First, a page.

Since the war ended, over 10,000 reports relating to Americans missing, prisoner or unaccounted for in Southeast Asia have been received by the U.S. Government. Many authorities who have examined this largely classified information are convinced that hundreds of Americans are still held captive today. These reports are the source of serious distress to many returned American prisoners. They had a code that no one could honorably return unless all of the prisoners returned. Not only that code of honor, but the honor of our country is at stake as long as even one man remains unjustly held. It's time we brought our men home.
On June 3, 1983, the Vietnamese "discovered" and returned the remains of Donald F. Lindland to U.S. control. Alive or dead, Lindland was a prisoner of war for eleven years.
03/27/04 As you know, Rog has been quite ill. We hoped we had the issue resolved, however, the balancing act between liver and kidneys never worked. Despite all efforts, nothing could be made to work. It grieves me deeply to tell you that this morning, Roger "...slipped the surly bonds of earth."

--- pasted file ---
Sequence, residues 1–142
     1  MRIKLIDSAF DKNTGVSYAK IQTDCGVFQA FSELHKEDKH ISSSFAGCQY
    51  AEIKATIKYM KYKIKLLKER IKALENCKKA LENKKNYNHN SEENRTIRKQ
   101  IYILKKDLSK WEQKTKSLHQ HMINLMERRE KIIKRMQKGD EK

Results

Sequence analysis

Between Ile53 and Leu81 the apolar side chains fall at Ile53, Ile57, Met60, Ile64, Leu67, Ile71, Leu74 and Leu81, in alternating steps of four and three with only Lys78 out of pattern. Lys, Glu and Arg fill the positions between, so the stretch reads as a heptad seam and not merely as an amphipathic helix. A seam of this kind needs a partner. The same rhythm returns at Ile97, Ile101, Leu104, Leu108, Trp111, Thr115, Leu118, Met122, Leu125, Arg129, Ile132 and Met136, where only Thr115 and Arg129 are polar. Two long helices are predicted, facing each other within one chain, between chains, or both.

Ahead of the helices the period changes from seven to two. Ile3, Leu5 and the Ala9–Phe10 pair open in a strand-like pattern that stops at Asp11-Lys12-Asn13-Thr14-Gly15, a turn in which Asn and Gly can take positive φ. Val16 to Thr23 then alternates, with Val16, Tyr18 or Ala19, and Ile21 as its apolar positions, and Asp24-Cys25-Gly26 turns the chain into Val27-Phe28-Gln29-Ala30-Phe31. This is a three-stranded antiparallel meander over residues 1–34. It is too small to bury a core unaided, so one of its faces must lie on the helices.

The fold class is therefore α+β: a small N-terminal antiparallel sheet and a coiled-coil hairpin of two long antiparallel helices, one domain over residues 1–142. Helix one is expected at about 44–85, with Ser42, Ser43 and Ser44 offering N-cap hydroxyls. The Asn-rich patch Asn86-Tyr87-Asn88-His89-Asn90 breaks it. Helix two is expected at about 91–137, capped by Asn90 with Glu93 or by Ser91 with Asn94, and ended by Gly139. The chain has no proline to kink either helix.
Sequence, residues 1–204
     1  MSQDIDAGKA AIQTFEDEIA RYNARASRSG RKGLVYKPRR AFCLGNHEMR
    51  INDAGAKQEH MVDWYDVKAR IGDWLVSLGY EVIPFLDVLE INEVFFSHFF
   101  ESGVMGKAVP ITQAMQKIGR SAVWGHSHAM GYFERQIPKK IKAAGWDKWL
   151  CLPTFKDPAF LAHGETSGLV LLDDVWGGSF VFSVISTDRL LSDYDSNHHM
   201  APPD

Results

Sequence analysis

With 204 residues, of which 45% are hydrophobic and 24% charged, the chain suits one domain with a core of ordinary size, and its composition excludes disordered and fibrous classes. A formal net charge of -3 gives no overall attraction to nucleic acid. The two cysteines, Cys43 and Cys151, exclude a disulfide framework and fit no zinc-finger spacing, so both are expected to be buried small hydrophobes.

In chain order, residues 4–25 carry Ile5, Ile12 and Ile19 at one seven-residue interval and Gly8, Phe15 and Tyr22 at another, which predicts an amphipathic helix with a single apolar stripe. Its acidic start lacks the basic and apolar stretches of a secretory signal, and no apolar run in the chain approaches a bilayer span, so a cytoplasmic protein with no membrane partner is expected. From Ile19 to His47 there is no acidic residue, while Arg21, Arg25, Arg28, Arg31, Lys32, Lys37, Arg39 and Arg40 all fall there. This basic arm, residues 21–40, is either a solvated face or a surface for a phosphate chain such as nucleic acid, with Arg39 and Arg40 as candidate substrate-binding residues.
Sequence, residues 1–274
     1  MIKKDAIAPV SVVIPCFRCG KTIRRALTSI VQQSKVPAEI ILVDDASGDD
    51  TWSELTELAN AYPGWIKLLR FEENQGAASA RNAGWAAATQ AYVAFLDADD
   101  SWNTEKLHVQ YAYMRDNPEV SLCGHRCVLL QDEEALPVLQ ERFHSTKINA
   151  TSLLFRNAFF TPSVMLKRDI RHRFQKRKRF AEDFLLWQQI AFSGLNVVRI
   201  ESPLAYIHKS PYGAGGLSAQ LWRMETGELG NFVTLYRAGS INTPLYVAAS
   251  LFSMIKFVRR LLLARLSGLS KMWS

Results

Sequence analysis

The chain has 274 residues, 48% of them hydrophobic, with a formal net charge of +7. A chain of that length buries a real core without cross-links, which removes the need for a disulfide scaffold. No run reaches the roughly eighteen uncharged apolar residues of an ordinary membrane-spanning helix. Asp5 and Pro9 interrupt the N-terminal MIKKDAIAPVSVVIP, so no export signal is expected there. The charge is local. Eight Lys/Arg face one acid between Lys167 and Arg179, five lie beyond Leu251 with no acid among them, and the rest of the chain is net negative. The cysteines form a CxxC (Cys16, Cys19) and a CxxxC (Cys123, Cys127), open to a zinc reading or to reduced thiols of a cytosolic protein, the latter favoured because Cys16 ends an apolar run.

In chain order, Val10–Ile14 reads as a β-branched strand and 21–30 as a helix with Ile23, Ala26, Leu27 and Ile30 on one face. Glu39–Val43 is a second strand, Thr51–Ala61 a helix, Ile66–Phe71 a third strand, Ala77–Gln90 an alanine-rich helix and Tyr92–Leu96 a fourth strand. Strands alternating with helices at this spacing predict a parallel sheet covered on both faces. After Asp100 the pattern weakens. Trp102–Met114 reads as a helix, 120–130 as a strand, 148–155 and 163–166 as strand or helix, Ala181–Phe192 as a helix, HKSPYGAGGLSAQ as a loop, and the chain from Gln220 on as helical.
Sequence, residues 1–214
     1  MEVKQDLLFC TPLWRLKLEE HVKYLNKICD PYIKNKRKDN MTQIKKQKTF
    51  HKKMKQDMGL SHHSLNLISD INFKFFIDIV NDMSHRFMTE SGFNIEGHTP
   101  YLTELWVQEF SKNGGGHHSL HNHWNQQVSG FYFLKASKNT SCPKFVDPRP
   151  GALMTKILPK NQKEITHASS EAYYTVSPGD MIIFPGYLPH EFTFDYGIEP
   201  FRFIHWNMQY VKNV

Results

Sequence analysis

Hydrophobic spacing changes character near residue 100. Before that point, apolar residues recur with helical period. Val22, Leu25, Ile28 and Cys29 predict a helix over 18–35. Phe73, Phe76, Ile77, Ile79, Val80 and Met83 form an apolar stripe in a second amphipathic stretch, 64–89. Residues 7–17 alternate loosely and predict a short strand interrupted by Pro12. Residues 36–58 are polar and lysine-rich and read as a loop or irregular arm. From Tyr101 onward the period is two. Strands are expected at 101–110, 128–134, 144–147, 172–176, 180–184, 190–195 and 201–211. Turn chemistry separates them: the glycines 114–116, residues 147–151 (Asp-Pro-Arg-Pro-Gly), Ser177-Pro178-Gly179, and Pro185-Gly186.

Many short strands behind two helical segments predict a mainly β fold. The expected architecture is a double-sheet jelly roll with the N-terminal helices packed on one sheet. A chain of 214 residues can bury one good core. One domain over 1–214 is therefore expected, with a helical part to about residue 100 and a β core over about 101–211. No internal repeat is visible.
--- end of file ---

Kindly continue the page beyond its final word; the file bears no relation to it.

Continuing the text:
Commander Roger Gene Lerseth, United States Navy (retired), age 57, 24 year
Oak Harbor resident and former Vietnam prisoner-of-war, died at his home on
Saturday, March 27, 2004, following a brief illness.
Roger Lerseth retired from the United States Navy as a Commander. He resided in Whidbey Island with his with Chris until his death. He will be buried in Arlington.
The NETWORK had the distinct pleasure of meeting Roger in 1998. We extend our deepest sympathy to the family.
Roger "Zipper" Lerseth died in 2004. At his service at Arlington,
Ev Alvarez delivered this eulogy which is one of the finest that I have ever
Roger Lerseth – Gone West
Dr. Lerseth always seemed to approach his time as part of the Fourth Allied POW Wing with deference, opining that he was the “new kid” – a “short timer”. All this despite the fact that he was a proven warrior of some 96 combat missions, holder of the Distinguished Flying Cross, and one who repeatedly went in harm’s way to create conditions that would ensure our release and peace with honor.